It was not until the 19th century that naturalists began to understand how cnidarians developed from fertilized eggs, their body parts growing from two primordial layers of tissue, the endoderm and ectoderm.

Other animals, including humans and insects, have a third layer of embryonic tissue, the mesoderm, wedged between the ectoderm and the endoderm. It gives rise to muscles, the heart and other organs not found in cnidarians.

Cnidarians also have a simpler overall body plan. Fish, fruit flies and earthworms all have heads and tails, backs and fronts, and left and right sides. Scientists refer to animals, including humans, with this two-sided symmetry as bilaterians. In contrast, cnidarians seem to lack such symmetry completely. A jellyfish, for example, has the symmetry of a bicycle wheel, radiating from a central axis.

Evolutionary biologists came to view cnidarians as relics from the early days of animal evolution. The first animals were probably spongelike, little more than clumps of cooperative cells. Cnidarians seemed to represent the next stage, having acquired traits like simple tissues and nerves.

The fossil records of animals seemed to back up that hypothesis. Many of the earliest animal fossils resembled jellyfish or other cnidarians. The oldest known bilaterian fossils were younger, appearing in the so-called Cambrian explosion, 540 million years ago.

Some researchers suggested that the bilaterian body plan helped set off the Cambrian explosion. Unlike their ancestors, bilaterians had heads, allowing them to sense their surroundings and control a swimming, or crawling, body.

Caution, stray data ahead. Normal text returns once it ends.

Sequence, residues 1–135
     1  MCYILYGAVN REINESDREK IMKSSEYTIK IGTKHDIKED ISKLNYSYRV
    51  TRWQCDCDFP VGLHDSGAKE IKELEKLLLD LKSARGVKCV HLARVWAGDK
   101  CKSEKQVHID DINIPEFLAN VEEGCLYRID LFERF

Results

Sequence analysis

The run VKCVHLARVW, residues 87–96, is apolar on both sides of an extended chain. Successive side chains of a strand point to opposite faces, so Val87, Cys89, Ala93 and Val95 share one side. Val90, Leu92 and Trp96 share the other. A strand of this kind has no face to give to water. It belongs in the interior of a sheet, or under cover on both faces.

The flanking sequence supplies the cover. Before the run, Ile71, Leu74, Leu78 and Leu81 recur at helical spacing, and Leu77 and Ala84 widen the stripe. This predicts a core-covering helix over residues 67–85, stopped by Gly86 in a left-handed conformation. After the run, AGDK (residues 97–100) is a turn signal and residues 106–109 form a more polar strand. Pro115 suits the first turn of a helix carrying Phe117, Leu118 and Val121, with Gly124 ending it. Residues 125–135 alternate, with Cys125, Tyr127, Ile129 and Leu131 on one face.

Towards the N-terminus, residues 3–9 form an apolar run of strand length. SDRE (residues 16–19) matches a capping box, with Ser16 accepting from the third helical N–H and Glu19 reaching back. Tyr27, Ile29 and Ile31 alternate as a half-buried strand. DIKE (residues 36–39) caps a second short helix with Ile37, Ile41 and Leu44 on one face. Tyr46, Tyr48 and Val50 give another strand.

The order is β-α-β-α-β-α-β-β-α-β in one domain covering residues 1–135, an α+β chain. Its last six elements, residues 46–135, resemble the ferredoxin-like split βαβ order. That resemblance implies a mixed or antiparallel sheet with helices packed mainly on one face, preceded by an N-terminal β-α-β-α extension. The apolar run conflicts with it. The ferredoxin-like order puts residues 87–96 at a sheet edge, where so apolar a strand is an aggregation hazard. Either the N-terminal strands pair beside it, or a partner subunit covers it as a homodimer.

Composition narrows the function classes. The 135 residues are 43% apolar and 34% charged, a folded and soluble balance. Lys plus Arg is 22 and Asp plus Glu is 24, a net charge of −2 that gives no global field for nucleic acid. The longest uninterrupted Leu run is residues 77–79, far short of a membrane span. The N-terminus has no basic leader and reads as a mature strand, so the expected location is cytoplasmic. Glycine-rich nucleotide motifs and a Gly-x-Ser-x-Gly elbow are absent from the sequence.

Recent research undermines that theory. The oldest fossils that can be confidently called cnidarians are just 540 million years old. And Dr. Peterson and his colleagues have made new estimates of the age of cnidarians by studying their DNA.

The DNA mutates at a roughly regular rate over millions of years, a so-called molecular clock. Dr. Peterson estimates that the common ancestor of living cnidarians lived 543 million years ago. In other words, cnidarians did not appear tens of millions of years before bilaterians.

Genetic studies have also challenged conventional theories about cnidarians. Beginning in the 1980's, scientists studying bilaterians uncovered a set of genes that laid out their body plan. Some of the genes established the head-to-tail axis, others distinguished the front from the back.

Humans and insects may look very different, but they share almost identical versions of this genetic tool kit. And the findings suggested that the tool kit had already evolved in the common ancestor of bilaterians.

Dr. Mark E. Martindale of the University of Hawaii and his colleagues decided to look for the genes that build jellyfish and other cnidarians. It took a long time to begin generating results. The team had to find a species that could not only survive life in the laboratory but could produce enough embryos for research.

Dr. Martindale's group chose the starlet sea anemone, a species found along the New England coast. Figuring out how to culture the anemone and investigate its genes demanded great patience. "It's taken 9 or 10 years," Dr. Martindale said, "but it's turned into a gold mine."

Much to their surprise, the scientists found that some genes switched on in embryos were nearly identical to the genes that determined the head-to-tail axis of bilaterians, including humans. More surprisingly, the genes switched on in the same head-to-tail pattern as in bilaterians.

Further studies showed that cnidarians used other genes from the bilaterian tool kit. The same genes that patterned the front and back of the bilaterian embryo, for example, were produced on opposite sides of the anemone embryo.

The findings have these scientists wondering why cnidarians use such a complex set of body-building genes when their bodies end up looking so simple. They have concluded that cnidarians may be more complicated than they appear, particularly in their nervous systems.

"At the molecular level, they have a lot of body regions that aren't recognizable," said Dr. John R. Finnerty, a biologist at Boston University who is collaborating with Dr. Martindale.